“There can be no solution until we fully acknowledge the damage. We should focus on our symptomologies due to the damage to our social and psychological behaviors. To do that, we need to remove the taboo of seeking help. That’s the taboo we need to break,” she said. Ms. Morgan said therapy is a significant way for individual, family, and societal healing.
“We need to use natural alternative methods to heal ourselves emotionally and psychologically,” she said.
In her therapy, Ms. Morgan emphasizes balancing the male and female energies and points of view. “It is important that they understand who they are in a relationship with and their partner’s traumatic experiences. What did they go through? It affects how they interact with you,” she pointed out.
Marcus and Cecelia Muhammad have made it their mission to help heal and strengthen marriages. The Atlanta-based husband and wife are founders of The Marriage Keepers. Their organization specializes in assisting couples in repairing their relationships. By working with The Marriage Keepers, couples learn tools they need to build a strong and lasting marriage so vital to the health of the Black family.
“The importance of teamwork is often overlooked. It’s important to have a strong team working together for the common good. Still, too many people are unfamiliar with what effective collaboration looks like, leading them down paths where their individual needs take priority over those who depend on them most—namely family members or partners,” the couple shared.
Mr. and Mrs. Muhammad are members of the Nation of Islam and explained the importance of marriages being God-centered.
The Most Honorable Elijah Muhammad and the Honorable Minister Louis Farrakhan teach the importance of marriage and family as the cornerstone of a great nation and that God must be at the forefront.
“It is important to understand relationships are first built upon our individual relationship with Allah (God). It starts first by recognizing who we are as divine beings because we live in a world that’s just wicked and fallen; everything about this life will turn you from God,” said Cecelia Muhammad.
The couple has held several retreats over the years, which include husband-only and wife-only sessions and joint sessions.
“We want you to stay together and fight for your marriage. That’s why we do the Marriage retreats because it takes commitment, effort, and courage—all those things that make life worth living in general! We know most people don’t look beyond their wedding day when they get married, but true love means putting each other first above ourselves,” added Marcus Muhammad.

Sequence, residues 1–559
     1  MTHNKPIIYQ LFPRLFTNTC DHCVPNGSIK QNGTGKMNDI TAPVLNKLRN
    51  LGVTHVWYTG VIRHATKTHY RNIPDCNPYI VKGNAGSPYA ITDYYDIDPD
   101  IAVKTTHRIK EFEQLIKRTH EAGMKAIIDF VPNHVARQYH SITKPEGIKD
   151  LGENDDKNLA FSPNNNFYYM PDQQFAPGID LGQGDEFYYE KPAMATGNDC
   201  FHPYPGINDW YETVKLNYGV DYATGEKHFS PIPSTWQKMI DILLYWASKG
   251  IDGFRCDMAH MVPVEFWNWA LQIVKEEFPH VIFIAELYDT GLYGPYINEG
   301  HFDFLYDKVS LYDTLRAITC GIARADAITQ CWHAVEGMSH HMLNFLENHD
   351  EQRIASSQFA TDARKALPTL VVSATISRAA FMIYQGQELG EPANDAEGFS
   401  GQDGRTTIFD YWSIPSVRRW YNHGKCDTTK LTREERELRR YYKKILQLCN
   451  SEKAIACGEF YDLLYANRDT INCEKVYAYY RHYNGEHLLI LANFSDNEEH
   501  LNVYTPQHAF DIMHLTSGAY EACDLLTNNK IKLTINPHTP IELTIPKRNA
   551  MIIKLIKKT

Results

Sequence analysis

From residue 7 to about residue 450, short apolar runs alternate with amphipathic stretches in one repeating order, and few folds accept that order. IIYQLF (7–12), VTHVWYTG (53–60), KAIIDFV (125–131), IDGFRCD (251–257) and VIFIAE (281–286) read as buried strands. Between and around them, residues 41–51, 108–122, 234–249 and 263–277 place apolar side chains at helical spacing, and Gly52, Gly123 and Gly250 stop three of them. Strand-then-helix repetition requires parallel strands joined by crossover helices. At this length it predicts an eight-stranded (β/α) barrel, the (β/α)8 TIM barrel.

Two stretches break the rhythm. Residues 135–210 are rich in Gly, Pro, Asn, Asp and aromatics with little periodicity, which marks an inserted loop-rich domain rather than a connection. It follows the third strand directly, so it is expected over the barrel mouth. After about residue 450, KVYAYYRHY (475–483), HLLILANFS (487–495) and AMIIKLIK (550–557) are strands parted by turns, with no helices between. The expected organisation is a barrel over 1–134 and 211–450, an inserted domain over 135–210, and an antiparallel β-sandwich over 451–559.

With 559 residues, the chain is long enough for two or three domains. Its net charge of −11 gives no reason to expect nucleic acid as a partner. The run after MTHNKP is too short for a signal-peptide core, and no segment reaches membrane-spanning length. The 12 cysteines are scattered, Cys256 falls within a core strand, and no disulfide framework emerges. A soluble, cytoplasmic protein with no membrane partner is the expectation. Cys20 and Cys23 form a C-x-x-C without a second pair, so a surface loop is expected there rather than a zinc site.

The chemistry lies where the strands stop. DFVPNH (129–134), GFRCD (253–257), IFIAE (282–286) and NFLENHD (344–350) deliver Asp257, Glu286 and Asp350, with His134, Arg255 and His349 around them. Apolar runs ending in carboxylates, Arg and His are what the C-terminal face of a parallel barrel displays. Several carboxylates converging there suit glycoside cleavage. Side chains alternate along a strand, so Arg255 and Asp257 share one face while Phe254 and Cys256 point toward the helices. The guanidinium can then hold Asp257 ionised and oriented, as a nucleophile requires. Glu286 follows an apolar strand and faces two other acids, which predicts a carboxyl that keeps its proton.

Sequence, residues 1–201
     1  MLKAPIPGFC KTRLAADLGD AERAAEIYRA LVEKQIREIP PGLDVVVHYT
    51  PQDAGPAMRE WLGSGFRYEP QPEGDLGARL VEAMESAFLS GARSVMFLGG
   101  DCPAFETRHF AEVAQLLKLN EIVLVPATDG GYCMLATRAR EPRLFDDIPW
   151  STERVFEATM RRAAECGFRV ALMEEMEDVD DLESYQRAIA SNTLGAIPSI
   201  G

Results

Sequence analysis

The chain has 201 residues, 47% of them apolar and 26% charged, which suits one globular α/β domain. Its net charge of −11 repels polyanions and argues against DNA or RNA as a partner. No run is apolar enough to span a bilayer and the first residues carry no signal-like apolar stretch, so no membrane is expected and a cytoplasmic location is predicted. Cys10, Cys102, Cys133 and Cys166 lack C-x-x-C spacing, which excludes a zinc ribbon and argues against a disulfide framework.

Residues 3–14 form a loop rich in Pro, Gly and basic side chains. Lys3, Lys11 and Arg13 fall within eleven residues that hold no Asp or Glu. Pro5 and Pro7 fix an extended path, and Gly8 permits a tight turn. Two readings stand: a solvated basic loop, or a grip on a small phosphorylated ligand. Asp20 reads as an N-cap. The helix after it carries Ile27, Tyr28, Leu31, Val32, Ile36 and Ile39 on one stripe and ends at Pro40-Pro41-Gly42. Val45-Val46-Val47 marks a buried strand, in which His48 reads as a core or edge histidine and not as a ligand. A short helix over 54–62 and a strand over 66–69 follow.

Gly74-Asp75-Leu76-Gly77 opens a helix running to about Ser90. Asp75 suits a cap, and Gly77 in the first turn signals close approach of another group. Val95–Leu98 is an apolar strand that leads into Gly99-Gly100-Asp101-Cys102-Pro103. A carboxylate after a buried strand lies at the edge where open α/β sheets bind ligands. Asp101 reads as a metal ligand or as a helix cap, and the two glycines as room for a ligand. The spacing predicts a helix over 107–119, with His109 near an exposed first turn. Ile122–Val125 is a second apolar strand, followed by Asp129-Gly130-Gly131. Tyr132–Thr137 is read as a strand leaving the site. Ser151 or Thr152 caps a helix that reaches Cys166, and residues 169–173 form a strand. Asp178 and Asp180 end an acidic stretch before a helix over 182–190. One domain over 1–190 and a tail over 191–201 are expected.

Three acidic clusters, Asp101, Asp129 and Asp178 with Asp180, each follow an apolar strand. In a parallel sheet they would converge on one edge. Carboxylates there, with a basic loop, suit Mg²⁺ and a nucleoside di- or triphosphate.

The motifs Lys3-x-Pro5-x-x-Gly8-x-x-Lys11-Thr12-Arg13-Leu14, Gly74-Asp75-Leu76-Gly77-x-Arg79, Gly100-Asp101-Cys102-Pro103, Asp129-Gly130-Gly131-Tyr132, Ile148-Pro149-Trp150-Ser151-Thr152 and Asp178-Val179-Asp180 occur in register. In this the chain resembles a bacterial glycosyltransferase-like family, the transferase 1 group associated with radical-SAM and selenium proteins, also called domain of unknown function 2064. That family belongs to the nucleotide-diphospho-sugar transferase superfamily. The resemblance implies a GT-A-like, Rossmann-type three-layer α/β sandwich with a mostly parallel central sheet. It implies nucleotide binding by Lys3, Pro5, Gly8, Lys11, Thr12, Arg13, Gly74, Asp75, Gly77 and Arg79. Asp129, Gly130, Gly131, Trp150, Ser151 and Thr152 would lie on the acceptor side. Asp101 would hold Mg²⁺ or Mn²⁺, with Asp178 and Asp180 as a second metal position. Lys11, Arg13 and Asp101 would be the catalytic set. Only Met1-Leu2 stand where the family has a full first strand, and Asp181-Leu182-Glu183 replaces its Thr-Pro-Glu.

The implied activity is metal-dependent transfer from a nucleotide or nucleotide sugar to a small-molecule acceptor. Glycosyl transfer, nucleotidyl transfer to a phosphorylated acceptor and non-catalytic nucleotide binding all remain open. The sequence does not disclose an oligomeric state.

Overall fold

In the work with couples he has done over the past 20 years, Mr. Morris said one of the main objectives he gets them to work on is developing their communication skills.
“I believe you know that any issue can be addressed and resolved. If both parties involved are willing and able to communicate effectively,” he said.
“It is essential to understand the context in which a given family operates. We do the best we can with what we have, you know, we still have a strong foundation in our churches that is still important to many of us, a sense of faith and believing in something greater than ourselves,” explained Mr. Morris.
He says the Black family is improving but that, “it is still not stable.”
According to ChildTrends.org, a Maryland-based research group, “culturally, Black Americans have long highly valued romantic partnerships, marriage, and children. However, institutional and structural barriers often prevent them from being able to realize these values, particularly for those who have low incomes.”
In his message, “Understanding the Nation of Islam in the West,” Minister Farrakhan spoke on the importance of rebuilding the family and he described the destruction of the Black family as a sin of huge proportion and that as a result, the effort to rebuild the Black family must be aided by those who destroyed the family, and, the responsibility of helping must be accepted by the generations that have benefited from the institutional slavery and the destruction of our families.
He explained this will take a new understanding of God’s word and the renewing of the mind of Black people based on God.
“Again, the scripture teaches, ‘My thoughts are not your thoughts. My ways are not your ways. I am from above while you are from beneath,’” said Minister Farrakhan. He explained this teaches us that our thoughts and our ways are far beneath what God desires for us.
“Therefore, what we have produced as the man, the woman, and the family by our thoughts and our ways are far beneath the man, the woman and the family that Allah (God) desires for us,” the Minister added.
“So, in order for us to make a new family, we have to return to Him who created the man, the woman and the family and we must be willing to accept His Thoughts and His Ways.”
(Final Call staff contributed to this report.)